# What's different about a crontab reboot?

I have a python script to log data from a USB weather station and present it via a flask front end. The USB on the pi (Pi2 model B) is flaky and occasionally hangs after 24-48 hours. The flask app doesn't seem to cope to well when my home broadband glitches out. To cope with both problems, I reboot the pi every night at 1 am through cron. I've also created an @reboot cron entry to run the python/flask app.

So, the problem I have is this:

• If I run the script manually, it works perfectly every time
• If I manually reboot with "shutdown -r now", it works perfectly every time
• When the reboot runs though crontab, it consistently 100% of the time time fails to initialize the USB interface and usually without an error message. (Any error seen is a "timeout" which is semi-normal so ignored by the app. The flask front end still works fine.)

Is there something different about a cron-initiated script and the interaction with the USB subsystem?

Tried unsuccessfully: usbreset app, writing to "authorized" file for the USB device. They don't break anything but they don't fix the problem either.

pi is running Linux 4.19.27-v7+ #1206 SMP

crontab for the weather station user: (just one line)

@reboot bash /home/pi/wd >/home/pi/wdstartup.log 2>&1

crontab for root: (one line again)

0 1 * * * /sbin/shutdown -r now

the weather station startup script:

#!/bin/bash
cd ~pi
cd weatherd
./usbreset /dev/bus/usb/001/004
sudo echo 0 > /sys/bus/usb/devices/1-1.4/authorized
sudo echo 1 > /sys/bus/usb/devices/1-1.4/authorized
sleep 60
cp wd.log wd.log.old
nohup python3 weatherd.py >& wd.log &
cd ~pi


1. You have a cron job to reboot your RPi every night at 01:00; e.g.
0 1 * * * sudo reboot (#or something similar; e.g. shutdown -r now)

1. You have a 2nd cron job to restart your app using the @reboot facility in cron; e.g.
@reboot /path/to/your/flask/app


If you're certain that your 01:00 reboot is being executed successfully, then your flask app may not be running for one or both of the following reasons:

1. You've not given cron a complete path specification for your flask app, and/or

2. Your system hasn't initialized/started all of the services needed to run your flask app when cron runs it.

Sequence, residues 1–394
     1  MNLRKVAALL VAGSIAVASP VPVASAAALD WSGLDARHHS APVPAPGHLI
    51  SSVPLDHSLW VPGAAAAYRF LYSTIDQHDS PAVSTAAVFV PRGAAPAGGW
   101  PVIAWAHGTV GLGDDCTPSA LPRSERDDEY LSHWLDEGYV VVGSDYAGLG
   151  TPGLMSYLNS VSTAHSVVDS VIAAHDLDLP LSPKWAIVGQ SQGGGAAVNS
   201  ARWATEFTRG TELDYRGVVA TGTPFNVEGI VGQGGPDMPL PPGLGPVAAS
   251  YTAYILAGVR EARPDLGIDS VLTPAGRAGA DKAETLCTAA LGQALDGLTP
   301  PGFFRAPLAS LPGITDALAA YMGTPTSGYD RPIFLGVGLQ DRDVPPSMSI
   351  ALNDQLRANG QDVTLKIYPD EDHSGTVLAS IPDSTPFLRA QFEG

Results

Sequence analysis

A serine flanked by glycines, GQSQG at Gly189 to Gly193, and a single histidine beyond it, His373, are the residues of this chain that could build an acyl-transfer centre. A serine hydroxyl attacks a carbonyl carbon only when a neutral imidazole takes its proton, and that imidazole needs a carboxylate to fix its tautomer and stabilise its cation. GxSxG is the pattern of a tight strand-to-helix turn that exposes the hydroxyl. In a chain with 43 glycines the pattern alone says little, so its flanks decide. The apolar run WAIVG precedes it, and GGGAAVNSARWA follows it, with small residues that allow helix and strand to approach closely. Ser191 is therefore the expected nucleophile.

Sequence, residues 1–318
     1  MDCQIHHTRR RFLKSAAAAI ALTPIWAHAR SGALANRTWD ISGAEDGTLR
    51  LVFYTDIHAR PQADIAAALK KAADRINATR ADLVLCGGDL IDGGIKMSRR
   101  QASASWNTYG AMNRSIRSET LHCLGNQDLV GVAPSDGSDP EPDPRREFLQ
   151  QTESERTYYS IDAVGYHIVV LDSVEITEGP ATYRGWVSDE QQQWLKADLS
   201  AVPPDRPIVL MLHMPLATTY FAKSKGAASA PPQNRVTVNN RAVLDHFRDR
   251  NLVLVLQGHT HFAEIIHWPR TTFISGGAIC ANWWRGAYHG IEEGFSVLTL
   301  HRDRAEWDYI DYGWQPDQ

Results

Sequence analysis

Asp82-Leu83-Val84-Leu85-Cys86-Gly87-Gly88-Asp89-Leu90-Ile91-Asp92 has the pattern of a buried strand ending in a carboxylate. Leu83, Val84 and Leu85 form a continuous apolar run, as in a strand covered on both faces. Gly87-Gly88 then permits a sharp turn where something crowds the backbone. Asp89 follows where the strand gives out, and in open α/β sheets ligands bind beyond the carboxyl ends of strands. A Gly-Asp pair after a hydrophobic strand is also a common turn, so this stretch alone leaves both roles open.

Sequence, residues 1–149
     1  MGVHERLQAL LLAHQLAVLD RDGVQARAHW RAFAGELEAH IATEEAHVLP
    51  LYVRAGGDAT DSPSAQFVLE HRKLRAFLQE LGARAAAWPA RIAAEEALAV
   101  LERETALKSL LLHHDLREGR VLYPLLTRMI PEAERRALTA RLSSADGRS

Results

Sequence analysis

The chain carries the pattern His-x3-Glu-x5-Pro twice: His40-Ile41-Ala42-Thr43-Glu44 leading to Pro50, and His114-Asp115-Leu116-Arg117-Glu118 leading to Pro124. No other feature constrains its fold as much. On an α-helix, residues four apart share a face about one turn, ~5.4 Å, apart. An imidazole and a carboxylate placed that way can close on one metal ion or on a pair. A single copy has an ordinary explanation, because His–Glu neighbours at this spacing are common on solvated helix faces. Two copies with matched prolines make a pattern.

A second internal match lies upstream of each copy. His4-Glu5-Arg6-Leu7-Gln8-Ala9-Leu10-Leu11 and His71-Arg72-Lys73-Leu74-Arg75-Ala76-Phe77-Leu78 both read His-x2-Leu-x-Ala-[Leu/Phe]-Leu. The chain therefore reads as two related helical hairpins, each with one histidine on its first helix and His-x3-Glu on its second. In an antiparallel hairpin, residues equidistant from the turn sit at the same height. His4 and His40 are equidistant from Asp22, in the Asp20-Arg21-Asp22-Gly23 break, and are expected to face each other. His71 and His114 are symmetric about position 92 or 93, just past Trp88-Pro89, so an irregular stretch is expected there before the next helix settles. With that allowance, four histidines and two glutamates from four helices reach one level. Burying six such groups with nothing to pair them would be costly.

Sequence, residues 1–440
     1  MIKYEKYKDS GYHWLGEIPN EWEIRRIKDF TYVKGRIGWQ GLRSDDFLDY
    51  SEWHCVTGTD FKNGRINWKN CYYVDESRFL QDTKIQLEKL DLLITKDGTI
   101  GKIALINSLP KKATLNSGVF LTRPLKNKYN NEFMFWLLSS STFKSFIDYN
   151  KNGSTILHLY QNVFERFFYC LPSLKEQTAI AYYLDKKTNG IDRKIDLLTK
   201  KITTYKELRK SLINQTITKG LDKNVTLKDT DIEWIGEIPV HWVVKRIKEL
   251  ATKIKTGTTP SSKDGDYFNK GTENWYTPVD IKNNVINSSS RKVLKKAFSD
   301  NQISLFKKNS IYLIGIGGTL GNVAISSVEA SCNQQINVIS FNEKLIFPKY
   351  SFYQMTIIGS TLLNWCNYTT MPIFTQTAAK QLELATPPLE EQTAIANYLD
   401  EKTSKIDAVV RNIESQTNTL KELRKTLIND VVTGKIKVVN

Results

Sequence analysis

1. When you run a cron job, it runs as a different user - not you, in other words. That means the environment is different, and things like your \$PATH may be incorrectly specified. That's a simple problem to overcome: Simply use a complete path specification to your flask app. For example:
@reboot /path/to/your/python /path/to/your/flask/app

1. When you run a cron job @reboot, use the sleep command to give your system a bit more time to initialize the required services. For example:
@reboot /bin/sleep 30; /path/to/your/python /path/to/your/flask/app

1. For reasons similar to those in #1. above, any output from stderr will be lost, which makes troubleshooting more difficult. That also is easily remedied; e.g.:
@reboot /bin/sleep 30; /path/to/your/python /path/to/your/flask/app  >> /home/pi/cronjoblog 2>&1


Which will append any stderr output to the file /home/pi/cronjoblog. If you want to write it somewhere else, simply substitute the file spec of your choosing.

Your question lacks a bit of detail that might have made it more clear. If this answer doesn't address the issues you're experiencing, please edit your question with the contents of your current crontab & anything else you feel may be relevant.

• Thanks for the response. In fact, the flask app does work and quite happily serves web pages and loads info from a Met Office web site, so there doesn't seem to be a problem there. It's the USB interface that doesn't work and I can't see why. – Steve Foster Jul 14 at 20:11
• @SteveFoster: "Doesn't work"??? You mean with cron, or all of the time? If cron-related, did you try the sleep command I showed? – Seamus Jul 14 at 22:32
• What I mean is that there's a background thread in the app that uses pyusb to read data from a USB weather station (...an ancient Oregon Scientific RMS300). When started from cron,after a cron-automated reboot, the USB interface fails. It seems to fail silently, i.e. there is an occasional message but only of a type that can occur at any time with this device. – Steve Foster Jul 15 at 17:52
• Having said all that, I had a hunch last night. The reboot is set for 01:00 which would be 00:00 GMT and I wondered if automated housekeeping , either in the app or the pi OS, was interfering. I changed the reboot time to 02:30 and, amazingly, everything worked this morning! I'm watching for a few days to see if this was a fluke or not. – Steve Foster Jul 15 at 17:54
• @SteveFoster - let us know how that works out, but I'd suggest you consider making that a separate (new) question. – Seamus Jul 15 at 22:37